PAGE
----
One Thousand Words

essay epistemology


This is an idea I have been working with for a long time. I have struggled with exactly how to present it and this is my first published attempt at doing so. I do not feel like I have it right yet and it does not capture all that I intend, but as a first attempt what follows is exactly one thousand words long…

Complete and Accurate

How would you describe yesterday? If asked to share an account of your life yesterday what would you say? And how long would it take to describe the day? You might answer “Nothing much,” but is that a complete and accurate answer? Did you go to work or did you stay home? It had to be something more than “nothing”. Pushed in this way, you might modify your answer to something like “Okay, I went to work as usual. Nothing out of the ordinary happened at work and then I came home. Had dinner. Watched the ballgame and went to bed.” We now have a better picture of yesterday, but is the picture complete? What time did you get up? What clothes did you wear? How did you get to work? What route did you take? How many stop-lights did you have to stop for? At this point you might complain “If you want me to be that detailed it would take all day just to describe yesterday!”

How does one provide a complete and accurate account of any event or any subject? Is either answer given above wrong? Both are incomplete, but is it possible to give a complete answer to any question? Even if we captured on video every second of your life yesterday, it would not be complete. We would not have your internal thoughts or emotions nor would we have your view of the world from inside your head. Even if we were able to approach some complete account of your day it would take more than the entire day to review. And then what about the next day?

Crafting a History

The first point is that to be complete and accurate about just what happened yesterday is impossible. No account we could give would approach 100% completeness and 100% accuracy. Which also means that any account would be selective and a summary of yesterday. So if no account is complete, what is a good account? How complete should one be if asked to account for yesterday? And how can we judge whether a particular account is a fair accounting of yesterday’s significant happenings in our life?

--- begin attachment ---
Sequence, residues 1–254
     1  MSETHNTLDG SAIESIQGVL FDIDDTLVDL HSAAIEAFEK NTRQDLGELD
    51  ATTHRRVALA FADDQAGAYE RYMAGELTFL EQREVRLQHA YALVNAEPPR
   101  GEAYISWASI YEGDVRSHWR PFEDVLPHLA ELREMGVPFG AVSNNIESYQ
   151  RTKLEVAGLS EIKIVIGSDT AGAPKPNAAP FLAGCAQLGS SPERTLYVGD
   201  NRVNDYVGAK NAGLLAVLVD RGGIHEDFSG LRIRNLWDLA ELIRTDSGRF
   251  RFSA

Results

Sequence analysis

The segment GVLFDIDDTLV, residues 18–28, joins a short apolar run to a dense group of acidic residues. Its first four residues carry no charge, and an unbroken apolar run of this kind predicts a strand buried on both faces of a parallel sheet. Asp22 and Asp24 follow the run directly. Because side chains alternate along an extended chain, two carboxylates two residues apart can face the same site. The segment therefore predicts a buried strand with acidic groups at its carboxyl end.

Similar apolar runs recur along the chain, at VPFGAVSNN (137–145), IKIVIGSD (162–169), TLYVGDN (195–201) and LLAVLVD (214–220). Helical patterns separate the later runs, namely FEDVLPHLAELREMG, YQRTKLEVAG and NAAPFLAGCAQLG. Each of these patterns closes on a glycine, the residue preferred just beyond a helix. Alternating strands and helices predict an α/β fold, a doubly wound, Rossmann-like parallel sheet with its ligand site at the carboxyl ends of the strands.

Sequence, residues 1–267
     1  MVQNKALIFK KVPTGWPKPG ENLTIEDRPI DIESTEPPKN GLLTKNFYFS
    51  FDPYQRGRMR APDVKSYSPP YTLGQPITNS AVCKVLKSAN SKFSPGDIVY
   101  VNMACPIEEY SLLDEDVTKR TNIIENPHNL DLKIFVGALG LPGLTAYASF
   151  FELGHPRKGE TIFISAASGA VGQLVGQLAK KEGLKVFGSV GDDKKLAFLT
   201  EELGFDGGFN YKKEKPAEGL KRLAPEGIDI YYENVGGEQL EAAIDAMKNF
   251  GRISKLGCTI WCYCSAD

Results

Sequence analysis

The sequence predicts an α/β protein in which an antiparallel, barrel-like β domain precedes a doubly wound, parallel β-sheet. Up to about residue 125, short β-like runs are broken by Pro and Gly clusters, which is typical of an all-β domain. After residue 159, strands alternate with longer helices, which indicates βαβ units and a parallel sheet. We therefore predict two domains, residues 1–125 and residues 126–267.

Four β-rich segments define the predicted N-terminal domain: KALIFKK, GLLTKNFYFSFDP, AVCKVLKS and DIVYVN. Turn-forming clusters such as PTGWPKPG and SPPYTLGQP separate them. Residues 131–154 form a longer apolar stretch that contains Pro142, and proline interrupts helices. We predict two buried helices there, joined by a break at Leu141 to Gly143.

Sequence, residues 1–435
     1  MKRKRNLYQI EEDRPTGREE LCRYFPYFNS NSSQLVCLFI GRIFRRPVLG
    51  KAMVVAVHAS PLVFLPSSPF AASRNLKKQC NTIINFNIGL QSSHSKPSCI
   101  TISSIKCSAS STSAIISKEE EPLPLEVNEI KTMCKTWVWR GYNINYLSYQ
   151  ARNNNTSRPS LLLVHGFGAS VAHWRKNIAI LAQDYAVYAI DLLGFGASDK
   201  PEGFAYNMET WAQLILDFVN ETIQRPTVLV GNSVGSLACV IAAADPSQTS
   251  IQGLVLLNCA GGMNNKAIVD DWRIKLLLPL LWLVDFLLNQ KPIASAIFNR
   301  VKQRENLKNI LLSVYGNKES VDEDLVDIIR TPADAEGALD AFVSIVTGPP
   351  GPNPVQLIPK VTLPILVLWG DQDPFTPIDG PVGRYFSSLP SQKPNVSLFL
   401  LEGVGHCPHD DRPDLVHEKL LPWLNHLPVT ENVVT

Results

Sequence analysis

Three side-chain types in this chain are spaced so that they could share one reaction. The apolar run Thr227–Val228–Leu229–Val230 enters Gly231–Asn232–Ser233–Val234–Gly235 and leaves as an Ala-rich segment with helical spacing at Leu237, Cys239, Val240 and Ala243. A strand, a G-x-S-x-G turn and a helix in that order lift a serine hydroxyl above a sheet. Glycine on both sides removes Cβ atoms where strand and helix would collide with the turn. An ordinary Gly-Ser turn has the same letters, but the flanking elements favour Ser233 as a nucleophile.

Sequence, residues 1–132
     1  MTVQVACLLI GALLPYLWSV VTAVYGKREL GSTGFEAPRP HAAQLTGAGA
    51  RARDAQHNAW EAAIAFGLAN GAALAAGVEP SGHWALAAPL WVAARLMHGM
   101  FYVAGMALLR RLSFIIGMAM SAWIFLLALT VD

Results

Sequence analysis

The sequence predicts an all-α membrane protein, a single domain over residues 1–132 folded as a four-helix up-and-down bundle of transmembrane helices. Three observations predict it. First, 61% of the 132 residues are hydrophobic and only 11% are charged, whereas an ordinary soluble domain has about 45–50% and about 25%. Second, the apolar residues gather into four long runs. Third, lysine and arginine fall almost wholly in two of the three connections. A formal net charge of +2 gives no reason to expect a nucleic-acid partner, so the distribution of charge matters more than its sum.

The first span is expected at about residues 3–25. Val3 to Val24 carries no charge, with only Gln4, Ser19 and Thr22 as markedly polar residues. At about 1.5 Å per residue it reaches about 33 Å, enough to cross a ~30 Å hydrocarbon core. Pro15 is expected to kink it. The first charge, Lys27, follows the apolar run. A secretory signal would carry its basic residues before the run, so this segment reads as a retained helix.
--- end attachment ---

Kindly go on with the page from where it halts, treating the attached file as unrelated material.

Regardless of one’s intentions, any account will leave something out. What we leave in and what we leave out is a ultimately a judgment. It would be very difficult to create a fully objective standard of what to include. Some objectivity is possible. Where did you start the day? Where did you end? How many miles did you traverse during the day? Objective facts do give us something to hang our account on, but in and of themselves they are not a complete story.

If there is any truth, it is this limitation on being able to tell the complete story. This is true whether we are talking about yesterday or what happened in a particular year or century in the past or about a particular topic or subject. No account is complete.

Reading History

The second point is that even if a complete written account could be prepared, there would never be enough time to read all the accounts. Just as the writer of an account has to make judgments about what to include and what not to include, the consumer of those accounts has to make decisions about what to invest their time in. In a year it would be impossible to read all the history books published in one month let alone all the other history books published during the year. The challenge only compounds as we consider all the books published on all possible topics.

It is in this quandary that we find ourselves today. To a certain extent, this question has always been an issue, but in today’s modern world, technology has greatly exacerbated the issue. The number of books being published every year greatly exceeds what could be read in one lifetime,

Dealing With Overload

There is no perfect solution to this situation, but there can be strategies to address the issue. For content creators it is important to think about levels and views of your work. You may know everything there is to currently know about a particular topic and it is important that that knowledge be valued and saved. The more we know about the world around us, the better prepared we will be to navigate the future. But even if you fully and completely document your accumulated knowledge, few of us will have time to ever read any of it. Nor will we necessarily know whether we should invest any time in it. To communicate the knowledge that you have accumulated it needs to be provided at multiple different levels. Can you describe what your knowledge represents in 100 words? Can you provide a more complete synopsis in 1,000 words? Can you write a extended essay about the topic in 10,000 words? How bout an in-depth account in 100,000 words and a specialist reference work in 1,000,000 words?

For any area of knowledge there is the need for multiple views of the subject. 100 words help a person decide where to further invest time. It is difficult to communicate much in less than 100 words, but 100 words can intrigue the reader and invite one towards longer works on the topic. 1,000 words provide an opportunity to present the core ideas of a topic that further intrigues the reader to explore further while at the same time providing the essential outline of the topic.

Moving Forward

For those expanding the realm of human knowledge, provide the knowledge you have at multiple levels. It would be great if we all had time to read everything, but could you leverage the knowledge you have on a topic into a 1,000 word essay? It’s not enough to tell the whole story, but it maybe enough for the rest of us to know whether to pursue it any further.